Monday, May 30, 2005
The climate-change deniers are rapidly ending up with as much intellectual credibility as creationists and Flat Earthers. Indeed, given that 25,000 people died in Europe in the 2003 heat wave caused by anthropogenic climate change, given that the genocide unfolding in Darfur has been exacerbated by the stresses of climate change, given that Bangladesh may disappear beneath the rising seas in the next century, they are nudging close to having the moral credibility of Holocaust deniers.
Talk about rhetorical overkill.
I'm not a climatologist, and hence loath to speak up about the subject (I will, though, as it seems journalists like Johann Hari obviously want me to have an opinion - namely theirs, lest I end up with the "moral credibility of Holocaust deniers". Trying to do some reading on the subject, recently finished Bryant's Climate Process and Change which the PSSST(KA) hereby recommends). My own field, linguistics, is relatively inoculated against any political or social relevance. That's the way I like it, and that's quite probably one of the reasons I chose it. I like learning for the sake of it, and don't like politics to mix with science. At least taking a certain position in linguistics carries little risk of being labeled a holocaust denier.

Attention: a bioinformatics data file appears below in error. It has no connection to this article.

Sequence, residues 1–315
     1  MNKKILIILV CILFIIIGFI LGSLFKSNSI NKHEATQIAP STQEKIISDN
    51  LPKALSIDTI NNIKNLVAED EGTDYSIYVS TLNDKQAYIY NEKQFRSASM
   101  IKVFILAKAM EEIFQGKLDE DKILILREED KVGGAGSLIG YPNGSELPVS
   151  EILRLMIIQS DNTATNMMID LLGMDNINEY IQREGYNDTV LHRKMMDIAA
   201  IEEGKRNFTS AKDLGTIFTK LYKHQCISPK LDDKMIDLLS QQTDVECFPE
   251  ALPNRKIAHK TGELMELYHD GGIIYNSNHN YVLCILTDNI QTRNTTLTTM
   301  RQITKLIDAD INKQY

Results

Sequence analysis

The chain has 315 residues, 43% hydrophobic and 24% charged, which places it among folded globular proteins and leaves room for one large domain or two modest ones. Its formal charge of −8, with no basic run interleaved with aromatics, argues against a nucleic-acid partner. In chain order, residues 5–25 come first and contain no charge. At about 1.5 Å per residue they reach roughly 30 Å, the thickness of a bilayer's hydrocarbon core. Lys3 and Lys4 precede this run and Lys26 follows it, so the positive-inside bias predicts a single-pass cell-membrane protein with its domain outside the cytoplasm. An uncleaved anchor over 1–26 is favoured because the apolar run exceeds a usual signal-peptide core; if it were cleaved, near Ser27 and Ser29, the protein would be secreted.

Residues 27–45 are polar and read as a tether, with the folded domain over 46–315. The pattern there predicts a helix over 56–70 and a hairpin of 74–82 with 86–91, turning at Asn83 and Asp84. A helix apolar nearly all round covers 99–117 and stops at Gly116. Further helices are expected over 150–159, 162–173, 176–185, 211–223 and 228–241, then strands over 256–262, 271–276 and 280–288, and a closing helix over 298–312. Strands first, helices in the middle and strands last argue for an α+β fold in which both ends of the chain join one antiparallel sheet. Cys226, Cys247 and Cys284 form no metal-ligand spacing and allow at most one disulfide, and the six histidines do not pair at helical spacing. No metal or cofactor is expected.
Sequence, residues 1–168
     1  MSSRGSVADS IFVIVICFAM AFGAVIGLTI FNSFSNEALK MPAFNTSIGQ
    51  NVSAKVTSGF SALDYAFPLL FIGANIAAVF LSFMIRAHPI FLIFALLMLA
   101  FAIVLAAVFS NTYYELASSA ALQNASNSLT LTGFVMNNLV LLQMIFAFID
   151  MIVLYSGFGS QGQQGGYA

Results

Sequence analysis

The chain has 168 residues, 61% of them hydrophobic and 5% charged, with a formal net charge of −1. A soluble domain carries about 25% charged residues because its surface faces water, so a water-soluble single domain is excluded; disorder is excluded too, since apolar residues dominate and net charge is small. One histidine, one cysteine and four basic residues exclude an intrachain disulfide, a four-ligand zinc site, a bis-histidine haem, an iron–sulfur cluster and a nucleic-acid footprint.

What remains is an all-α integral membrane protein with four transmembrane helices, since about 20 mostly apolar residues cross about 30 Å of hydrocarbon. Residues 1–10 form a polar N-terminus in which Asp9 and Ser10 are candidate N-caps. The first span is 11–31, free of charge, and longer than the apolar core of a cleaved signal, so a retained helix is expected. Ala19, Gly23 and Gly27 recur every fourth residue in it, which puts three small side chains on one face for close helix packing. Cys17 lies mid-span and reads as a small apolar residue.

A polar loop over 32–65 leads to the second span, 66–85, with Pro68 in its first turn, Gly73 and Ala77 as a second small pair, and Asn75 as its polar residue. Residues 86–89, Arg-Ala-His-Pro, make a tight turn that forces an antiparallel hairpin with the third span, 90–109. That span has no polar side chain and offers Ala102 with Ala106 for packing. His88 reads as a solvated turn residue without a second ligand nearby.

Nonetheless, if I were a climatologist, I would be pretty offended by the shrill and more than slightly demagogic way with which Hari describes my field.
An excellent weblog with a wider relevance, but a regular focus on climate-related issues from a Science Studies perspective, is Roger Pielke Jr.'s one here. If I understand Pielke correctly, the whole field has suffered from a merger between science and politics in which political answers (cuts in fossil fuels, Kyoto or no) are seen to flow straight from a scientific position (anthropogenic global warming or not). According to Pielke, the two were better seperated totally (I think Pielke seems to share Lomborg's position in that he believes global warming is happening, and that the cause is human, but that we'd be better off adapting to a changing climate than to possibly futile attempts to avert it).
- Merlijn de Smit